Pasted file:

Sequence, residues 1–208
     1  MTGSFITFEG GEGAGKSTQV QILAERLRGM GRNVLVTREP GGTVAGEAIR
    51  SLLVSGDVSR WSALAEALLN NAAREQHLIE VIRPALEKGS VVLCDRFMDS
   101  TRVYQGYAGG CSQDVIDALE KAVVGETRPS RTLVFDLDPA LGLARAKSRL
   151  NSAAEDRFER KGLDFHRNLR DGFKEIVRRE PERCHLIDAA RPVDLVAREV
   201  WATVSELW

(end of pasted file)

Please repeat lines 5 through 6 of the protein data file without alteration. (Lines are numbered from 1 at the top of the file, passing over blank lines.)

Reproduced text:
   151  NSAAEDRFER KGLDFHRNLR DGFKEIVRRE PERCHLIDAA RPVDLVAREV
   201  WATVSELW